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18-30 September

Films Vie for Amnesty International Human Rights Prize at ttff/16

Amnesty International will again award a Human Rights Prize at the trinidad+tobago film festival (ttff), which runs from 20–27 September.

Established in an effort to support the promotion of human rights in Trinidad and Tobago and the Caribbean, the Amnesty International Human Rights Prize will be awarded to the maker of the feature-length Caribbean film screening at ttff/16 which best highlights a human rights issue.

“Caribbean filmmakers continue to speak out about issue impacting gender equality, indigenous people’s rights, the treatment of children, discrimination on the grounds of sexual orientation, the situation of Haitian migrants and Dominicans of Haitian descent and so much more, empowering many who remain voiceless, through their medium.  As long as human rights violations continue to exist, there will always be a need for films that speak so eloquently about the issues,” said Chiara Sangiorgio, thematic adviser at Amnesty International.

According to Annabelle Alcazar, programme director at the ttff: “Caribbean filmmakers and writers have always been fearless in addressing issues that affect and impact the region, and the medium of film remains a powerful vehicle in the struggle for justice, equality and peace. As a showcase for the best in Caribbean cinema, the trinidad+tobago film festival remains committed to providing a space for such important work.”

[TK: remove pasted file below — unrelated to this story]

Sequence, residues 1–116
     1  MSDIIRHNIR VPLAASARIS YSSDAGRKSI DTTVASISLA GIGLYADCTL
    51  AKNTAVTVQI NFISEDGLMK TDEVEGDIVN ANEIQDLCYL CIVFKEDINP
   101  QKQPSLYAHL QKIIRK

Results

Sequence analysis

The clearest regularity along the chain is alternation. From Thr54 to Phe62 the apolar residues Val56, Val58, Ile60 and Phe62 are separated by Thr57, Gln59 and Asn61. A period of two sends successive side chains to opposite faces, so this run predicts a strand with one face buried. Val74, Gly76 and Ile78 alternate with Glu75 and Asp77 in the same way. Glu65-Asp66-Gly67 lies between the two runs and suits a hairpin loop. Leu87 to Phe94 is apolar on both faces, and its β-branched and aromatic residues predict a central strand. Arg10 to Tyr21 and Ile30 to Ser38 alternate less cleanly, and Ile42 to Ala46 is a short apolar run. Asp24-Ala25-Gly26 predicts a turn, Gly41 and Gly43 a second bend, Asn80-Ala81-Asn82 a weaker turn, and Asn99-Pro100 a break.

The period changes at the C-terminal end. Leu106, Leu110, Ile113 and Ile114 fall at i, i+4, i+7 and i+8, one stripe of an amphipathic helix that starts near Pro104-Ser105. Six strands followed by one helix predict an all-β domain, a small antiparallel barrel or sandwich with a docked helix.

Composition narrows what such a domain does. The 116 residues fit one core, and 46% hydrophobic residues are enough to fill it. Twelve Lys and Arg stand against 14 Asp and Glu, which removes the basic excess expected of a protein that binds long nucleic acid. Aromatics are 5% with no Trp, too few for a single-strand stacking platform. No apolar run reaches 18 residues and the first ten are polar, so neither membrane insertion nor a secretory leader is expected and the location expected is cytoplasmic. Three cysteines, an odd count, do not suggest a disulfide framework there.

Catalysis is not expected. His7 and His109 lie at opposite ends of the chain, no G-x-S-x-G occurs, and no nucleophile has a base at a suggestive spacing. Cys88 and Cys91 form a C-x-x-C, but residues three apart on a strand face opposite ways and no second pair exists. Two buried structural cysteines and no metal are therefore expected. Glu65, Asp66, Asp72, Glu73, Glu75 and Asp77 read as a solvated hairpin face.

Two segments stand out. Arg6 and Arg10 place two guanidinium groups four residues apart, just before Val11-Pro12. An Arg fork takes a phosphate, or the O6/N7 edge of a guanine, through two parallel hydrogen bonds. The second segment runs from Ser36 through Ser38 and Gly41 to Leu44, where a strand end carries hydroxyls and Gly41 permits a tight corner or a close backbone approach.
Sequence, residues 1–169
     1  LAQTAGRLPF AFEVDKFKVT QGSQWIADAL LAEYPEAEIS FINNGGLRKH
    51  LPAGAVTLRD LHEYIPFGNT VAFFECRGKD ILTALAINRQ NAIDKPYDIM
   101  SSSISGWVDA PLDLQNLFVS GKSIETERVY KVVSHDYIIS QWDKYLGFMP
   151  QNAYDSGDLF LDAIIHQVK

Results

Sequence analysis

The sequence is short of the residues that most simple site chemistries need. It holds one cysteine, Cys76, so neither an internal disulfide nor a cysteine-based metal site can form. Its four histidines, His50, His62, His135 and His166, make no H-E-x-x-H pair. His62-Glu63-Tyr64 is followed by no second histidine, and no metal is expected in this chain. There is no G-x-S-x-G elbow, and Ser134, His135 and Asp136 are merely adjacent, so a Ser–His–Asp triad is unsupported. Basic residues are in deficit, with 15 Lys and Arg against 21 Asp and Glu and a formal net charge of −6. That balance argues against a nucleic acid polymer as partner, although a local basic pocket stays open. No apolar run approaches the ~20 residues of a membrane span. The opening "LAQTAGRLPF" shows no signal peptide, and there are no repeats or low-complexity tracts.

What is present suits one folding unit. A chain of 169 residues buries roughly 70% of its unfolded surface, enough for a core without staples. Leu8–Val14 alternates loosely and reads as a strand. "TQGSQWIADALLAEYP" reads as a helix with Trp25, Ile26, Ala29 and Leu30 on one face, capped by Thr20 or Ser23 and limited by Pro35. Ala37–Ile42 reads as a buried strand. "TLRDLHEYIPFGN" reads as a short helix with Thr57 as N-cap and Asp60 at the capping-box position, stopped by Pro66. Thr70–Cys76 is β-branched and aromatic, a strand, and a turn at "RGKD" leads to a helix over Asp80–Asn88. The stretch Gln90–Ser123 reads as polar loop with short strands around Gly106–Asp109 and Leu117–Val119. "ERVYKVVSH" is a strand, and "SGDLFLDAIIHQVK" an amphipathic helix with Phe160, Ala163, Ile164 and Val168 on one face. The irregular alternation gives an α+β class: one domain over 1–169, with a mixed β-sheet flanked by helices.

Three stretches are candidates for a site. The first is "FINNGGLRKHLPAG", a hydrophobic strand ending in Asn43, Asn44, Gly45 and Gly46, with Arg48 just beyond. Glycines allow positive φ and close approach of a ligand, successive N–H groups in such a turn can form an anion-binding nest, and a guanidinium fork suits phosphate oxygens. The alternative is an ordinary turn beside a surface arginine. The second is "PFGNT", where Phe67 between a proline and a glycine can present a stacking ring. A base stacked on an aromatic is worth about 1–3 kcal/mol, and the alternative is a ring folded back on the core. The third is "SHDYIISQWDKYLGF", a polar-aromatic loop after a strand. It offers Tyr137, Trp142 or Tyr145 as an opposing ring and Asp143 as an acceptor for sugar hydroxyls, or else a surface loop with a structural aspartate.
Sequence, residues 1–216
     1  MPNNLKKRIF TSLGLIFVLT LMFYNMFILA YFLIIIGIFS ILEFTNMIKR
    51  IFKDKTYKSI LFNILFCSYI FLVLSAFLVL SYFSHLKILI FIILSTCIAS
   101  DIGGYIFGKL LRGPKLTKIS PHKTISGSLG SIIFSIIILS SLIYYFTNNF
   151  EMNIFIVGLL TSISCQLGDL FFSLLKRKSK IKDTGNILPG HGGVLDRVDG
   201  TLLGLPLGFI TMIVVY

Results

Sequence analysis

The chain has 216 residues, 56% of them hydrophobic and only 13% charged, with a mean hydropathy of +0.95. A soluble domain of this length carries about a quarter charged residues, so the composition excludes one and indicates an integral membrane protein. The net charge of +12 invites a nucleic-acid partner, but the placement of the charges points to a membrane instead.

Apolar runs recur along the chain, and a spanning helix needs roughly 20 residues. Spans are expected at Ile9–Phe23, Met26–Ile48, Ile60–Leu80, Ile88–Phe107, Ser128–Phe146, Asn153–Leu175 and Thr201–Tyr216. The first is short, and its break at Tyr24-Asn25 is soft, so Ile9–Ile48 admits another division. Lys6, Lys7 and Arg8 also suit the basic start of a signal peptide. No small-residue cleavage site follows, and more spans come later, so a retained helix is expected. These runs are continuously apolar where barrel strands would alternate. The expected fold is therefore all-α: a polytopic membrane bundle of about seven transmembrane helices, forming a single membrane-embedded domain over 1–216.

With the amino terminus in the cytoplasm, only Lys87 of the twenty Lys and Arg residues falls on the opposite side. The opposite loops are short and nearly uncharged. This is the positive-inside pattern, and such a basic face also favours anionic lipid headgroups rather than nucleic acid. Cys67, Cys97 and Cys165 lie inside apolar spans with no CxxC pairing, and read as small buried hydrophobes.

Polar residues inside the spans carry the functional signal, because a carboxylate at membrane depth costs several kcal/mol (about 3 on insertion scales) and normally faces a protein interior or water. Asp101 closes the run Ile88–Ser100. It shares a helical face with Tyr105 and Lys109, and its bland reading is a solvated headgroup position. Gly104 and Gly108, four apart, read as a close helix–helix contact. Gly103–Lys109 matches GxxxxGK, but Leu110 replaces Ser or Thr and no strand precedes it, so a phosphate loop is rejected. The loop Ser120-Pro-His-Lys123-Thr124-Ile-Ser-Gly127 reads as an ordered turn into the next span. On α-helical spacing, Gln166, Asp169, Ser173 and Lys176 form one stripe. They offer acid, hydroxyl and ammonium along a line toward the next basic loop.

This year the three films in competition for the Amnesty International prize  are:

The winning film will be chosen by a three-person jury. This year’s jury comprises Sunity Maharaj, a media consultant and trainer, and the Managing Director of the Lloyd Best Institute of the West Indies; Folade Mutota, a Social Development Advisor and Lobbyist and the founder of the Women’s Institute for Alternative Development (WINAD), an organization whose ground-breaking work in the area of women, gender, gun violence and peacemaking has received  regional and international recognition; and Chiara Sangiorgio, Amnesty International’s London-based coordinator of the campaign for the abolition of the death penalty.

In addition to receiving a trophy, the winning filmmaker will also be given a cash prize of TT$5000.

Amnesty International is a global movement of more than three million members, supporters and activists in over 150 countries and territories. The organisation exposes human rights violations and campaigns for their full enjoyment for everyone around the world. It is independent of any government, political ideology, economic interest or religion, and is funded mainly by its membership and public donations.

The ttff celebrates films from and about the Caribbean and its diaspora, as well as world cinema, through an annual festival and year-round screenings. In addition, the ttff seeks to facilitate the growth of Caribbean cinema by offering a wide-ranging industry programme and networking opportunities. Visit ttfilmfestival.com for more information.

Still from 'Se Bondye vie Yuli'.

Still from ‘Se Bondye vie Yuli’.

Still from 'Antes que Cante el Callo'.

Still from ‘Antes que Cante el Callo’.

 

Top: Still from ‘El Acompañante’.

Date: 27th August 2016
Category: ttff news and features
Tags:

Films Vie for Amnesty International Human Rights Prize at ttff/16

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